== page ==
Bryce Molder (center) celebrates the U.S. victory at the World Amateur Championship with teammates (l to r) Jeff Quinney, David Eger, captain Judy Bell and Ben Curtis. Photo courtesy of Golfweek.
By Jack Williams
Bryce Molder of Georgia Tech is golf’s newest cover boy-just a couple of hundred flash bulbs behind Tiger Woods, but well ahead of everyone else.
It all came about when Molder went to Germany at summer’s end and swept medalist honors for the United States team that won the World Amateur Championship. With that heroic performance and several others of note, Molder wound up on the cover of two popular golf magazines-Golfweek and Golf World.
Those magazines predict Molder, a Tech senior from Conway, Ark., will be the No. 1 college player in the land in the school year that lies ahead. He and his Yellow Jacket teammates are coming off a year in which they missed by one putt winning the NCAA Championship. Oklahoma State edged Tech by a stroke in a sudden death playoff.
Molder gets the next chance to solidify his lofty standing next Sunday through Tuesday (Sept. 24-26) when the Jackets face most of the nation’s top college teams in the prestigious Ping Golfweek Preview on the Duke University course at Durham, N.C.
“It’s an early test to see where we stand as a team,” Molder said. “I’m excited about this Tech team. I firmly believe when we all play our very best, no other college team can keep up with us.”
If that sounds like a boastful statement, forget it. Molder is, without question, one of the most modest athletes you will find in any sport.
In fact, those magazine covers and the international attention do not faze him in the least. “I’m kind of awed by all that, but not really,” Molder said. “I’m not saying I’m used to that kind of thing. I just don’t see it as a big deal.”
Molder did see his team’s performance in Germany as a BIG DEAL. The United States won by 16 strokes over the team that represented both Great Britain and Ireland. Australia was third in a 59-team field. Molder was the No. 1 man in the competition, finishing 15-under-par in the 72-hole event.
“It was a great victory for the United States and the best tournament I’ve had in golf,” Molder said. “Never before have I played that well in major competition.”
Molder was teamed up with three other highly-touted players on the United States squad-U.S. Amateur Champion Jeff Quinney, from Arizona State; 48-year-old David Eger; and Ben Curtis of Kent State.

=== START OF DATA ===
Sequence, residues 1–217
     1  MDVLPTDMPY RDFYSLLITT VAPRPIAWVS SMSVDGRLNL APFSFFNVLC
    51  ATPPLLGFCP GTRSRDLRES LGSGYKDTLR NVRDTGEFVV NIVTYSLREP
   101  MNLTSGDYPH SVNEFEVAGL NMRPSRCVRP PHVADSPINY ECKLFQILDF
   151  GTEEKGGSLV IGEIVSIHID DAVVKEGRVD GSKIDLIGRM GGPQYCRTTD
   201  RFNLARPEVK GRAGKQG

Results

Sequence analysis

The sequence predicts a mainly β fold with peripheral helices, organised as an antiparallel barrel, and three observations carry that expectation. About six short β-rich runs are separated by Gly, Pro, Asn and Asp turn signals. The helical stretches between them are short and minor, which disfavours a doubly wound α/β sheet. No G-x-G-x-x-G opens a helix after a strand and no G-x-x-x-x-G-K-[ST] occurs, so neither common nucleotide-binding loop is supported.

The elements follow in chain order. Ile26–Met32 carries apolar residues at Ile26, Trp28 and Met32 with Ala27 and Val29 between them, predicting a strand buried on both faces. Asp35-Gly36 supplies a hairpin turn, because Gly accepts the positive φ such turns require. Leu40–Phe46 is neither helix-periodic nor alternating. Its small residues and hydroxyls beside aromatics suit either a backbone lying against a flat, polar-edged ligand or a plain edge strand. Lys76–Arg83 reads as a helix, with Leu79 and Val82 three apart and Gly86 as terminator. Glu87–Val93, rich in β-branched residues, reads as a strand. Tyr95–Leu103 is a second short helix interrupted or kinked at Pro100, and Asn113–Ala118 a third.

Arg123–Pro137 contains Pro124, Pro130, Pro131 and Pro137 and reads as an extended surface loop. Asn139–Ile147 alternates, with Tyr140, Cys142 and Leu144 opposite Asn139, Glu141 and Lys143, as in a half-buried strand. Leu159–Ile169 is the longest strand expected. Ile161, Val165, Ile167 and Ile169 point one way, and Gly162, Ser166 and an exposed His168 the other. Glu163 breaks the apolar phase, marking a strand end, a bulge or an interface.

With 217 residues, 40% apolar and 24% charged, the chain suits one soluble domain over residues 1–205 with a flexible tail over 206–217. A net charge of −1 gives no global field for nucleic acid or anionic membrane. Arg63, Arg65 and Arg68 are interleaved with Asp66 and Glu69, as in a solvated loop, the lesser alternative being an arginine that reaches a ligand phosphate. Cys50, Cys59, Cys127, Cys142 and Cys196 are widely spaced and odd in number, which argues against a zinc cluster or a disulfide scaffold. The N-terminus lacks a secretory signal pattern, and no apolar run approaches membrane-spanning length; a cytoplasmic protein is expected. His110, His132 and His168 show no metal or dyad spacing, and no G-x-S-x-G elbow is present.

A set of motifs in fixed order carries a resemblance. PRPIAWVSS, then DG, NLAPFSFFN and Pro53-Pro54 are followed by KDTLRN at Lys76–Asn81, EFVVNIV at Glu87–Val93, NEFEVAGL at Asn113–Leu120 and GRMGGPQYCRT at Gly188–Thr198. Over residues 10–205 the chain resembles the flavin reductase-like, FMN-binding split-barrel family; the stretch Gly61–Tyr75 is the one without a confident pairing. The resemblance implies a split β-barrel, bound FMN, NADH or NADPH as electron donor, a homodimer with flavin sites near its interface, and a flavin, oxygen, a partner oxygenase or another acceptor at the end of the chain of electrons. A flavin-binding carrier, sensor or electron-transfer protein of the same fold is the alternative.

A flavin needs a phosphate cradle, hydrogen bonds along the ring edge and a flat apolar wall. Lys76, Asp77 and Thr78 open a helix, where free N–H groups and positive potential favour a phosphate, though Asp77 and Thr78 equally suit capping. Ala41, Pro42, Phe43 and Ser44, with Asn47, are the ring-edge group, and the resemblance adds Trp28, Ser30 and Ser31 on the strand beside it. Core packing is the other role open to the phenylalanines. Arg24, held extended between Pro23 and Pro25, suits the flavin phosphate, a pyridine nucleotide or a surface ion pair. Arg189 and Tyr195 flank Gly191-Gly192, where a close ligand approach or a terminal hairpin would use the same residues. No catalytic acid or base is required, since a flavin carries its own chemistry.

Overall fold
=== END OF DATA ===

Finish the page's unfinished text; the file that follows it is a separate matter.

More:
How was Molder selected?
“I think David Eger had seen me play and recommended me,” he said. “All I know is they called my Tech coach (Bruce Heppler), and he gave me a strong recommendation.”
What Heppler told the committee was, “If I was going anywhere in the world to play in a golf tournament, I would want Bryce Molder on my team.”
Molder says he and his United States teammates developed a real closeness at the competition. “Anytime you are on a team that is working toward one goal, you get very close to each other,” he said. “We certainly did. But it was mostly all business for us. We flew in just in time for the competition and didn’t get to see many other places of interest in Germany.”
The tournament was played on two courses at Bad Saarow, near Berlin. “The Arnold course, designed by Arnold Palmer, is an easy course,” Molder said. “Faldo is a links course with few trees and deep bunkers, like at the British Open, and it is very difficult.”
Prior to going to Germany, Molder had fared well in the U.S. Amateur at Baltusrol in New Jersey, making it to the quarterfinals for the second time in three years. He beat two University of Georgia players, David Miller and Bryant Odom, on the same day and called it “the highlight of my time there.” Molder finally lost to Northwestern’s big star, Luke Donald, 1-up, after leading through 14 holes.
“The best I played at the Amateur was against David Miller,” Molder said. “I really had it together that day.”
Also, during the highly successful summer, Molder finished third in the Players’ Amateur Tournament at Bel Fair, near Hilton Head, S.C.
The rest of the summer was devoted to Georgia Tech classes (he received credit for nine hours in summer school before heading for Germany) and several fishing expeditions with his dad.
Now, it’s back to the golf course with his Georgia Tech buddies, all of them still hurting from that heartbreaking second-place finish in the NCAA Tournament.
“As I look back at the NCAA, I have a lot of different thoughts,” Molder said. “But only one word can sum up the 500 different emotions I felt that day-BAD. It was that experience that drives me, and hopefully the rest of the team, to get back there again. That’s our goal.”
Tech will have to do it without one of its top stars of recent years, Matt Kuchar, who graduated. “A lot of people don’t think we can do all that well without ‘Kuch’ and another of last year’s seniors, Carlton Forrester,” Molder said. “But I have confidence. We have good young players in guys like Matt Weibring, Troy Matteson, and Kris Mikkelsen. If each of us can improve just a little, we can be right there. All these guys think they are good, not in an arrogant way-just a lot of confidence.”
And then there’s Bryce Molder. Everyone who plays the game KNOWS he is good-plenty good, indeed!